DeeEmm

Pragmatism in code

Waxing lyrical about life the universe and everything software related since lunchtime 2006.

Recovering InnoDB tables from database files.

After a hiatus of several months the site is back up. The site was unfortunately victim to some script kiddies and fell under the scrutiny of my hosting provider. After a failed attempt to rewind to a previous backup, which turned out to be corrupt, I decided that rather than spend a bunch of time that I did not have spare trying to fix it, I would simply turn the server off and get back to it later. Of course I did not consider that 'later' may stretch to be several months but that's just the way it panned out to be.

So I finally got some free time and decided to take a look at getting the server back up and running. The original issue with the original server was that due to a kernal issue with the server itself, the backup service provided by my host generated corrupted backups, so reinstalling from a backup invariably led to a bricked server. I spent some time working with the host to get the server repaired and whilst I did get a server that I could SSL into I unfortunately did not get any further as the SQL service would not run due to toasted database files.

So with renewed enthusiasm to get the site back up the first thing I did was to create a new server instance. Might as well start afresh, especially with the kernel issue - a problem I did not want to walk back into. I then grabbed all of the database files from the original server which were located at /var/lib/mysql/"DB-Name"

MySql is great in that you can simply physically copy the files from one database to another and the database will become available, however there are some caveats to this. 

You can then run check tables / repair tables to fix any issues, however, and rather unfortunately, this will not work on innodb tables. Bugger.

With my database the innodb tables were the tables that corrupted. On inspection I could see in the database folder the tables were present by not in the same format as the normal tables. Normally you will find three files for each table - table.frm table.MYD and table.MYI. In the case of innodb tables there were only two files - table.frm and table.IBD.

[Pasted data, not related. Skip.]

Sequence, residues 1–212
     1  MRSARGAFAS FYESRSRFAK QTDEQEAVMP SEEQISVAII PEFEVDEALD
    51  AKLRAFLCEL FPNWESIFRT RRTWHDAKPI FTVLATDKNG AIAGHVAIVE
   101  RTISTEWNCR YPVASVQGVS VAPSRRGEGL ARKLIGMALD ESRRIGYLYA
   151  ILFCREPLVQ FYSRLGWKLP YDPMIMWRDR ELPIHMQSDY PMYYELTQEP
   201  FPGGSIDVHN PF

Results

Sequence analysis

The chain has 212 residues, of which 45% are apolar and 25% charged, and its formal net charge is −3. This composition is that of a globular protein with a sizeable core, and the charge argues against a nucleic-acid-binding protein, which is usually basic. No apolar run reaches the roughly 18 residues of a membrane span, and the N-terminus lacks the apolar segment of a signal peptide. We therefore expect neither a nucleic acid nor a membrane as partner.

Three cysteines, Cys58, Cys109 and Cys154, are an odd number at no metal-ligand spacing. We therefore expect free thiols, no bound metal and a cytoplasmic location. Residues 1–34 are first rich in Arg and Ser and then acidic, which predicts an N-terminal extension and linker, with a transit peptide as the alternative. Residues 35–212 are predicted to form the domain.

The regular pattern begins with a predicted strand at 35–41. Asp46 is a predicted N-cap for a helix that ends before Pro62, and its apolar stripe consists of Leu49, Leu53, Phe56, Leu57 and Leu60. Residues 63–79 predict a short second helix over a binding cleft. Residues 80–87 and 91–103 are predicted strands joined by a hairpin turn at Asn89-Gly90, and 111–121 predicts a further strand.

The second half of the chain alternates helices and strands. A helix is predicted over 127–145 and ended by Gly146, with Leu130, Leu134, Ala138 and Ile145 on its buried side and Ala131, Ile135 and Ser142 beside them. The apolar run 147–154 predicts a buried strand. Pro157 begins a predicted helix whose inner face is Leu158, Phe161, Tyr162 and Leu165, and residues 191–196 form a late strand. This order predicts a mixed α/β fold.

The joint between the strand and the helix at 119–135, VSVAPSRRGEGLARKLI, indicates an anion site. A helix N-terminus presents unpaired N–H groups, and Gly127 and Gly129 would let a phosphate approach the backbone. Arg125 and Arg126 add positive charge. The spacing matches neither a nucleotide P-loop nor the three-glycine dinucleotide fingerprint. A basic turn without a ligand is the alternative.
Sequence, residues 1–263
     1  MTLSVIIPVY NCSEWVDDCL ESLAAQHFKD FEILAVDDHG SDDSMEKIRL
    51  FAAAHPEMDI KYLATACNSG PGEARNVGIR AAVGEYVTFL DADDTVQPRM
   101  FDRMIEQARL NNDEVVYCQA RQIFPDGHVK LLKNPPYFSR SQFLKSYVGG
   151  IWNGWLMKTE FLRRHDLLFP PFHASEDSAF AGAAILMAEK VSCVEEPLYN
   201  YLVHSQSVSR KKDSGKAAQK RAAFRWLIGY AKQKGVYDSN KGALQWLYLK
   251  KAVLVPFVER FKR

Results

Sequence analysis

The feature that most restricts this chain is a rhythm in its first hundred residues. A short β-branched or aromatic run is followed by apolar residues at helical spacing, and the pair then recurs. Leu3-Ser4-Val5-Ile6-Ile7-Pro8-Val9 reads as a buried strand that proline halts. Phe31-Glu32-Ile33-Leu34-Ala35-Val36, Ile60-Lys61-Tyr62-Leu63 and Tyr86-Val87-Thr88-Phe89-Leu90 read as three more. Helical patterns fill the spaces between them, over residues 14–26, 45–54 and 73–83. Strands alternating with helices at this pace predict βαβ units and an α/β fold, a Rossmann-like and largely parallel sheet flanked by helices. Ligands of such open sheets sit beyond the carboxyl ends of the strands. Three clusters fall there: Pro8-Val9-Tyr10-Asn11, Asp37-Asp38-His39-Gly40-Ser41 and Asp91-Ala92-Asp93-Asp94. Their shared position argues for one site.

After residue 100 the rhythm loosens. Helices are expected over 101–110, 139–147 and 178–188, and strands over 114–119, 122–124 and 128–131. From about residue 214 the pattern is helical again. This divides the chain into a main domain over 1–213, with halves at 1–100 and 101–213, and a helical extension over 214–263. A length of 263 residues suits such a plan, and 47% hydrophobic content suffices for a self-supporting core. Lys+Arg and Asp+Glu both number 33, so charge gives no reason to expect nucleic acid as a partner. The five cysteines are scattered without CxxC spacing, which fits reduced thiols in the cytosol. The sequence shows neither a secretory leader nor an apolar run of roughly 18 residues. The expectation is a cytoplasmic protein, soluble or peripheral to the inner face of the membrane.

It is easy enough to generate an insert statement from the FRM file which will allow you to recreate the table structure, but to recover the contents requires a little messing about.

 

To recover the table structure

install mysqlfrm

CD into the database directory and then run the following statement

mysqlfrm --server=username:password@localhost --port=3307 yourtablename.frm > yourtablename.txt

This will create a text file with the SQL to create the table.

However - Before you run the SQL code you will need to do the following...

Rename the yourtablename.ibd file to yourtablename.ibd.old

Delete the yourtablename.frm file

Then you can run the SQL statement. 

 

To recover the table contents

Once the table structure has been created you will note that you now have two new files in the database folder

yourtablename.frm

yourtablename.ibd

 

To recover the data you need to discard the exisitng ibd file and replace it with the old one. You can do this as follows:

Run the following SQL statement

ALTER TABLE yourtablename DISCARD TABLESPACE;

This will discard the new ibd file. You will note it is no longer in the folder

Rename the original yourtablename.ibd.old file to yourtablename.ibd

Then run the following SQL

ALTER TABLE yourtablename IMPORT TABLESPACE;

This will bring the contents into the database. Browse to the table using phpmyadmin and check.

Repeat for the other tables.

 

This will work 90% of the time, however there are some occasions where an error will be thrown and the tablespace will not be imported. For me it allowed me to recover enough information to be able to recreate the site. Fortunately the tables that contained the main content were able to be saved, the tables that I had an issue with were able to be simply recreated with the new installation, of course your mileage may vary.

 

 

 

 

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Wednesday, 20 September 2017
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